Newsgroup message of June 29, 1997

Subject: Re: Some quick questions...

Summary

Does qajatlh mean anything? Can jatlh take an object other than a language?

Source

Newsgroup: Microsoft Network expert forum
Date: 29 Jun 1997

Quote

The object of jatlh "speak" is that which is spoken. Thus, it's OK to say "speak a language," for example:

tlhIngan Hol Dajatlh "you speak Klingon"
(tlhIngan Hol "Klingon language," Dajatlh "you speak it")

But it's also OK to say "speak an address, speak a lecture," for example:

SoQ Dajatlh "you speak an address" or, more colloquially, "you deliver an address" or "you make a speech"
(SoQ "speech, lecture, address," Dajatlh "you speak it")

To say simply:
jatlh "he/she speaks"

implies "he/she speaks it," where "it" is a language or a lecture or whatever.

The indirect object of jatlh, when expressed, is the hearer/listener.

Thus:
qama'pu'vaD tlhIngan Hol Dajatlh "you speak Klingon to the prisoners"
(qama'pu'vaD "for the prisoners," tlhIngan Hol "Klingon language," Dajatlh "you speak it")

qama'pu'vaD SoQ Dajatlh "you make a speech to the prisoners"
(qama'pu'vaD "for the prisoners," SoQ "speech, lecture, address," Dajatlh "you speak it")

When the indirect object (in this case, the hearer) is first or second person, the pronominal prefix which normally indicates first or second person object may be used. There are other examples of this sort of thing with other verbs. For example, someone undergoing the Rite of Ascension says:

tIqwIj Sa'angnIS "I must show you [plural] my heart"
(tIqwIj "my heart," Sa'angnIS "I must show you [plural] it")

The pronominal prefix in this phrase is Sa-, which means "I [do something to] all of you" in such sentences as:

Salegh "I see you [plural]"

but when there's already an object (in this case, tIqwIj "my heart"), the "object" of the prefix is interpreted as the indirect object, so Sa- means "I [do something to] it for you" or the like.

This, then, brings us back to your question. Since the object of jatlh is that which is spoken, and since "you" or "I" or "we" cannot be spoken (and therefore cannot be the object of the verb), if the verb is used with a pronominal prefix indicating a first- or second-person object, that first or second person is the indirect object.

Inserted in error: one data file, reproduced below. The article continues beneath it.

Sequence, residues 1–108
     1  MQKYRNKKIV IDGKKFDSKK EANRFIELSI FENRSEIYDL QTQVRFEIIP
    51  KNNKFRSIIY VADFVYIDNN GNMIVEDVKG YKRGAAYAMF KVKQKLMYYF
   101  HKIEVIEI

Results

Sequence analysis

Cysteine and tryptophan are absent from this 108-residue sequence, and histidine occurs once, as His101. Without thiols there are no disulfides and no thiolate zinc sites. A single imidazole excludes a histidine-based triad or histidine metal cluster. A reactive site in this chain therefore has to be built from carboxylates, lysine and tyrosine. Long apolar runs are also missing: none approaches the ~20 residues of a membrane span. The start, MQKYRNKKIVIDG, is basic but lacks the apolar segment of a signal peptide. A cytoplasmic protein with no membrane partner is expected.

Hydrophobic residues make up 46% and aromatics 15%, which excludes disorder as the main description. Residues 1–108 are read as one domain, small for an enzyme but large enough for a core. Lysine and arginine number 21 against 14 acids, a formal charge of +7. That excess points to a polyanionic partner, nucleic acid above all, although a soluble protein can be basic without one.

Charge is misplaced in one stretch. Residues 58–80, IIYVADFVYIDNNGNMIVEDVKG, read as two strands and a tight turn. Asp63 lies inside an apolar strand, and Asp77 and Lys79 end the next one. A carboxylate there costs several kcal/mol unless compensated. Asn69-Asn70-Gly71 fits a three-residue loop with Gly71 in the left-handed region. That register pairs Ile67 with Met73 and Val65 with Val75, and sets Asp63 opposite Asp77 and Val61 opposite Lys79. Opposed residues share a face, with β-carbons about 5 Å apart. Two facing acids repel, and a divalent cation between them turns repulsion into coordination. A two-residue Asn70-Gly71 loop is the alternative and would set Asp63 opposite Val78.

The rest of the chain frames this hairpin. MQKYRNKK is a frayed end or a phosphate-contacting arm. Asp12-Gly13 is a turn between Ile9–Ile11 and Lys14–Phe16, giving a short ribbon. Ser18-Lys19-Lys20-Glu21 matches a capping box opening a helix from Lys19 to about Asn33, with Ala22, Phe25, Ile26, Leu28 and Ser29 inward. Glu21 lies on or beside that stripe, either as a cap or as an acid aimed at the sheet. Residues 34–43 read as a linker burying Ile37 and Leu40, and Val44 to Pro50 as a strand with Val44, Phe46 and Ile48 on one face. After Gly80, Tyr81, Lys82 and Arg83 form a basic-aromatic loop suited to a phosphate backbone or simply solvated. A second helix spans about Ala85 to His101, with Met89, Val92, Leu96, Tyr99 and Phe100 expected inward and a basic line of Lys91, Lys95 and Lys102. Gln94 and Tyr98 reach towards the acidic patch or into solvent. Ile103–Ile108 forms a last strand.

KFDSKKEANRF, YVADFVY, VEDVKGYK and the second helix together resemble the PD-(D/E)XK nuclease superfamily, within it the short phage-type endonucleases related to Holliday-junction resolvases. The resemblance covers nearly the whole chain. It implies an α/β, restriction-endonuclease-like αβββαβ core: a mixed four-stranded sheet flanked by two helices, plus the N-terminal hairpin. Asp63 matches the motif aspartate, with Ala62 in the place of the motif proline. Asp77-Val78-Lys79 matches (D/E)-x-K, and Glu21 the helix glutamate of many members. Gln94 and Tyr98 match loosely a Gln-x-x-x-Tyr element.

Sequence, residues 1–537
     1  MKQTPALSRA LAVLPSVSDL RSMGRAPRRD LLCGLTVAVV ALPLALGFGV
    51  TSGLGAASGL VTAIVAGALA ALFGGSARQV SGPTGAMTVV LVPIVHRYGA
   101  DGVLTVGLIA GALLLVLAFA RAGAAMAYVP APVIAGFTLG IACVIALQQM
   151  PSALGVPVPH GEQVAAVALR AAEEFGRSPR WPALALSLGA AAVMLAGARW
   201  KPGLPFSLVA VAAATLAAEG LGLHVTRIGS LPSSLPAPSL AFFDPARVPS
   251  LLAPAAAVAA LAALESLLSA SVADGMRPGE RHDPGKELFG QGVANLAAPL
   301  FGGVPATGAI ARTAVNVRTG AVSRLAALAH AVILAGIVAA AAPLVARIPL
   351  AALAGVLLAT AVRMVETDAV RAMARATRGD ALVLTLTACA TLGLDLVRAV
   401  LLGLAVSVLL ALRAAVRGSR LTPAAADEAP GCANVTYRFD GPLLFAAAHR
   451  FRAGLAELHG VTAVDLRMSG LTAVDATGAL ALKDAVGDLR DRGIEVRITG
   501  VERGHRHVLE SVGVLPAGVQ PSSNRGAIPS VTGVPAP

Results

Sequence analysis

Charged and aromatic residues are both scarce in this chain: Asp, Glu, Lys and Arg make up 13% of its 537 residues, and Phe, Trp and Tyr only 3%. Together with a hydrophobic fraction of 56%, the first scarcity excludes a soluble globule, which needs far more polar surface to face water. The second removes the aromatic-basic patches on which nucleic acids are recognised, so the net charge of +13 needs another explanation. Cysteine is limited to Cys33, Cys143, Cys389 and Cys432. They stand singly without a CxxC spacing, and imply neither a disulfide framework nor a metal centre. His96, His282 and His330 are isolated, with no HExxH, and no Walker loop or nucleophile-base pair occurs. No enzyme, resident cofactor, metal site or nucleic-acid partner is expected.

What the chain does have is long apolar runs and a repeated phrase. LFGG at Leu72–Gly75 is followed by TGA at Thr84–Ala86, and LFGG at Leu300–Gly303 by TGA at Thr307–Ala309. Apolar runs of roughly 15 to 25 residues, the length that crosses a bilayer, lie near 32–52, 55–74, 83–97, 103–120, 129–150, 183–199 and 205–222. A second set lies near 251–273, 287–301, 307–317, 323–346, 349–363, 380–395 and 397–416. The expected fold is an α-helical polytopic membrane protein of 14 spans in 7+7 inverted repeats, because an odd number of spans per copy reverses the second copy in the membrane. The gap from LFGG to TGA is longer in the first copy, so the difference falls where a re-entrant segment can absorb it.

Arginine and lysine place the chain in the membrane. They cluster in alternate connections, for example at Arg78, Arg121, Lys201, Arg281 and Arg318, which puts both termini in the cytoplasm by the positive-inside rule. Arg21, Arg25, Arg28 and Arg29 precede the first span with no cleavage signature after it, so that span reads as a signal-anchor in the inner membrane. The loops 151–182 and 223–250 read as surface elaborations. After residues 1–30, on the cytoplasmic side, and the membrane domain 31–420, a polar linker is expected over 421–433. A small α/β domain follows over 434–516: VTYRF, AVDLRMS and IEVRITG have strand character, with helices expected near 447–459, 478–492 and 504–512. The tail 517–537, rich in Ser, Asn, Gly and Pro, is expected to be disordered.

Which is a not very elegant way of saying that qajatlh means "I speak to you" or, more literally, perhaps "I speak it to you," where "it" is a language or a speech or whatever:

qajatlh "I speak to you"
Sajatlh "I speak to you [plural]"
chojatlh "you speak to me"
tlhIngan Hol qajatlh "I speak Klingon to you"
(tlhIngan Hol "Klingon language," qajatlh "I speak it to you")

There's another wrinkle to this. The verb jatlh can also be used when giving direct quotations:

tlhIngan jIH jatlh "he/she says, 'I am a Klingon'"
(tlhIngan "Klingon," jIH "I," jatlh "speak")
jatlh tlhIngan jIH "he/she says, 'I am a Klingon'"

(With verbs of saying, such as jatlh, the phrase that is being said or cited may come before or after the verb.)

If the speaker is first or second person, the pronominal prefix indicating "no object" is used:

tlhIngan jIH jIjatlh "I say, 'I am a Klingon'"
(jIjatlh "I speak")

tlhIngan jIH bIjatlh "you say, 'I am a Klingon'"
(bIjatlh "you speak")

There are instances where the pronominal prefix marks a big distinction in meaning:

tlhIngan Hol Dajatlh "you speak Klingon"
(tlhIngan Hol "Klingon language," Dajatlh "you speak it")

tlhIngan Hol bIjatlh "you say, 'Klingon language'" [that is "you say the phrase 'Klingon language'"]
(tlhIngan Hol "Klingon language," bIjatlh "you speak")

I realize that this answer to your "quick" question is probably too quick itself. It is not by any means a complete discussion of the several topics mentioned and I may have phrased things not as clearly as they might be phrased. As a result, this answer may end up just raising other questions. qay'be'. We'll get to them as they come along.

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